IN THE UNITED STATES DISTRICT COURT FOR THE EASTERN DISTRICT OF CALIFORNIA
April 27, 2011
JOHN LIRA, PETITIONER,
BOARD OF PAROLE HEARINGS, ET AL., RESPONDENT.
The opinion of the court was delivered by: Gregory G. Hollows United States Magistrate Judge
FINDINGS & RECOMMENDATIONS
Petitioner is a state prisoner proceeding pro se with a petition for writ of habeas corpus pursuant to 28 U.S.C. § 2254. Petitioner challenges the 2009 decision by the California Board of Parole Hearings (BPH) finding him unsuitable for parole.
On January 27, 2011, the undersigned vacated the briefing schedule in this matter and instead ordered both parties to provide briefing regarding the recent United States Supreme Court decision that found that the Ninth Circuit erred in commanding a federal review of the state's application of state law in applying the "some evidence" standard in the parole eligibility habeas context. Swarthout v. Cooke, 502 U.S. ___, 131 S. Ct. 859, 861 (2011).*fn1
Respondent filed timely briefing, while petitioner did not respond and the time for doing so has expired. A review of the petition in this case demonstrates that it is entirely based on alleged violation of California's "some evidence" requirement. For the reasons set forth in the prior order, there is no federal due process requirement for a "some evidence" review, thus the federal courts are precluded from a review of the state court's application of its "some evidence" standard.*fn2 As respondent observes there is no dispute that petitioner had an opportunity to be heard and received a statement of reasons as to why he was denied parole. Respondent's Supplemental Briefing, pp. 1-2, citing Petition, which includes the parole hearing transcript at pages 42-160.*fn3 Thus, petitioner received all the process that was due in having been "allowed an opportunity to be heard" and "provided a statement of the reasons why parole was denied." Swarthout, at 862. Therefore, the petition should be dismissed.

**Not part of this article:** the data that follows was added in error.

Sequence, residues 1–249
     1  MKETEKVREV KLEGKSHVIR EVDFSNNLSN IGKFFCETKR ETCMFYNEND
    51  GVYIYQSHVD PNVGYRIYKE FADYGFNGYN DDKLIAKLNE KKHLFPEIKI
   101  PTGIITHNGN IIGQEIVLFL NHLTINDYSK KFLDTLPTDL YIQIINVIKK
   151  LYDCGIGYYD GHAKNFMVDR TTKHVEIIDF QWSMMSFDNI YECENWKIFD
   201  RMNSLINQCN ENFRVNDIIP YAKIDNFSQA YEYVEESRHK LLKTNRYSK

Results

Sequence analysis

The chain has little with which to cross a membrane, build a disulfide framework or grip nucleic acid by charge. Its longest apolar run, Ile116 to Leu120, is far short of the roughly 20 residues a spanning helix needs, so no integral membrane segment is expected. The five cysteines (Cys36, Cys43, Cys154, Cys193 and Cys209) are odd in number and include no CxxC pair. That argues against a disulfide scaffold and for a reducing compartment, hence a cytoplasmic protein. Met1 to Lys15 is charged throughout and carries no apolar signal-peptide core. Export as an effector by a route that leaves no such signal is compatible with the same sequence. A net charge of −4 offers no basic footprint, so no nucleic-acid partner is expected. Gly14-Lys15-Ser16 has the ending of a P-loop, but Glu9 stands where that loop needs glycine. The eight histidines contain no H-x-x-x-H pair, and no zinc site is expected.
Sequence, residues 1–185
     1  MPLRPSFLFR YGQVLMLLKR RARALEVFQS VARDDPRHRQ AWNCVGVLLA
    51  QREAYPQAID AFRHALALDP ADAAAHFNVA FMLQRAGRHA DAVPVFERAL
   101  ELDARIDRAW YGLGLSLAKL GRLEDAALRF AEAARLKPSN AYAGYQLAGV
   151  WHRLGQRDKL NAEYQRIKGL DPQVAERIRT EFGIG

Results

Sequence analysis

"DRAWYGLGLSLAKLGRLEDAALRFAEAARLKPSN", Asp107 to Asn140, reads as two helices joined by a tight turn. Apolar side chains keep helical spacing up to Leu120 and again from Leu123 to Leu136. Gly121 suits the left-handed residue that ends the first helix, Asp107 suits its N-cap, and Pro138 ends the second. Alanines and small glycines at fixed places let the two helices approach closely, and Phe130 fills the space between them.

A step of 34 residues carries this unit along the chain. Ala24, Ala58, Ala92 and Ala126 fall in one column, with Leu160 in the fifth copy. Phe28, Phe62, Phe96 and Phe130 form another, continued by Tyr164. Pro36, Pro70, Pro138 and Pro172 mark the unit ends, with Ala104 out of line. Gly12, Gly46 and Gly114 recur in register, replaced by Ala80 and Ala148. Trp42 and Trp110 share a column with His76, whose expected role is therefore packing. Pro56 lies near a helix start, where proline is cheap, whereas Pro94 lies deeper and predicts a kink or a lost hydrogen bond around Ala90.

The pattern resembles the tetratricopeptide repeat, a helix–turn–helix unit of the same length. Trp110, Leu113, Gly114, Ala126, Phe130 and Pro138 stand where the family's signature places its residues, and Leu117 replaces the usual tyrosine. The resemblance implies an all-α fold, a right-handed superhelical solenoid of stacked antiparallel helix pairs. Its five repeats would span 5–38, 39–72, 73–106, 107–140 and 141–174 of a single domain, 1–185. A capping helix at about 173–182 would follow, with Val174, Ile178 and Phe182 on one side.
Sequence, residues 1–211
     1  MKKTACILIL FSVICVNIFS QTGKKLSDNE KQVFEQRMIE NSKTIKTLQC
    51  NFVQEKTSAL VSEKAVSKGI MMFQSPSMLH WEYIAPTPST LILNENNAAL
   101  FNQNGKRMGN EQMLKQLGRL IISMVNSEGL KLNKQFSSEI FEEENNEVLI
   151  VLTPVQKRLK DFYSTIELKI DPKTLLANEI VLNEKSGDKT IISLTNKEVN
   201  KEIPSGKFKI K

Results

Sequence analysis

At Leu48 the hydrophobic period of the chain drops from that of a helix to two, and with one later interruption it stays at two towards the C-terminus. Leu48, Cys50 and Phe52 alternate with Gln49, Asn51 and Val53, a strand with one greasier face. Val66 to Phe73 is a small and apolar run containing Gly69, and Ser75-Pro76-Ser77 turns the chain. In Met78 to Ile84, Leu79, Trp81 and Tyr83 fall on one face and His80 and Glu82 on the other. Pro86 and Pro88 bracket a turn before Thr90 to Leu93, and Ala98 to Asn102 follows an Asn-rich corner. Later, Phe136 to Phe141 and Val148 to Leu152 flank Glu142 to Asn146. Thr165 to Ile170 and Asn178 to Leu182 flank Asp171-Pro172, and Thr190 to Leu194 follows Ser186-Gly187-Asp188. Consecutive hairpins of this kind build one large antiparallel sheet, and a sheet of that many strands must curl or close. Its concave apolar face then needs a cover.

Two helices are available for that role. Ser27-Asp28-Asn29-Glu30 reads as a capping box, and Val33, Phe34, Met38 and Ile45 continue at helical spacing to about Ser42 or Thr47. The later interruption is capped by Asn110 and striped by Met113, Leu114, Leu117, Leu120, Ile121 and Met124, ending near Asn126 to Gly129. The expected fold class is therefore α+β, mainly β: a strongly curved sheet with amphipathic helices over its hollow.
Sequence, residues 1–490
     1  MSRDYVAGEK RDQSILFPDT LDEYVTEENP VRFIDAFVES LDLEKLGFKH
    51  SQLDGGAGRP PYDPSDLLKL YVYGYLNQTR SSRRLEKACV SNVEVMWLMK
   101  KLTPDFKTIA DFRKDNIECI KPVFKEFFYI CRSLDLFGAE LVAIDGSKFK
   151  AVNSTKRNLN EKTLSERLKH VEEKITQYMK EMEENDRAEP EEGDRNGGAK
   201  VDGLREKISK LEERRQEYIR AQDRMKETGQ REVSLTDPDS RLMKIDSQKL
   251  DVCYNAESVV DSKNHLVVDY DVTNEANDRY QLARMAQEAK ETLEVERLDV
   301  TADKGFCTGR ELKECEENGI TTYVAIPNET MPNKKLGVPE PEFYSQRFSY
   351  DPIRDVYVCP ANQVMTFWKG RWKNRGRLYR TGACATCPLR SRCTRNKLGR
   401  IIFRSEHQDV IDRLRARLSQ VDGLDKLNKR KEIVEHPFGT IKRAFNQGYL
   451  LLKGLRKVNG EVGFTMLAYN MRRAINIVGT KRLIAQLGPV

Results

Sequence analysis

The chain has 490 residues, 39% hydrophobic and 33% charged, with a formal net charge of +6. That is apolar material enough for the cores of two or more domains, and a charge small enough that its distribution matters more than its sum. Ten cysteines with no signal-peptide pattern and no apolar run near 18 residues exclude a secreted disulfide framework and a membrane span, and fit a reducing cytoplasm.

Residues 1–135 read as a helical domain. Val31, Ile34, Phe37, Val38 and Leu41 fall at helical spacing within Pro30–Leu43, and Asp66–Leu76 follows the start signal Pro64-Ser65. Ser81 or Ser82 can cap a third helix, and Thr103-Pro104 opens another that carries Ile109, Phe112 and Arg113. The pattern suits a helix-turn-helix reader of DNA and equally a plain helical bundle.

Accordingly, IT IS HEREBY RECOMMENDED that the petition be dismissed. If petitioner files objections, he shall also address if a certificate of appealability should issue and, if so, as to which issues. A certificate of appealability may issue under 28 U.S.C. § 2253 "only if the applicant has made a substantial showing of the denial of a constitutional right." 28 U.S.C. § 2253(c)(2). The certificate of appealability must "indicate which specific issue or issues satisfy" the requirement. 28 U.S.C. § 2253(c)(3).
These findings and recommendations are submitted to the United States District Judge assigned to the case, pursuant to the provisions of 28 U.S.C. § 636(b)(l). Within fourteen days after being served with these findings and recommendations, any party may file written objections with the court and serve a copy on all parties. Such a document should be captioned "Objections to Magistrate Judge's Findings and Recommendations." Any reply to the objections shall be served and filed within fourteen days after service of the objections. The parties are advised that failure to file objections within the specified time may waive the right to appeal the District Court's order. Martinez v. Ylst, 951 F.2d 1153 (9th Cir. 1991).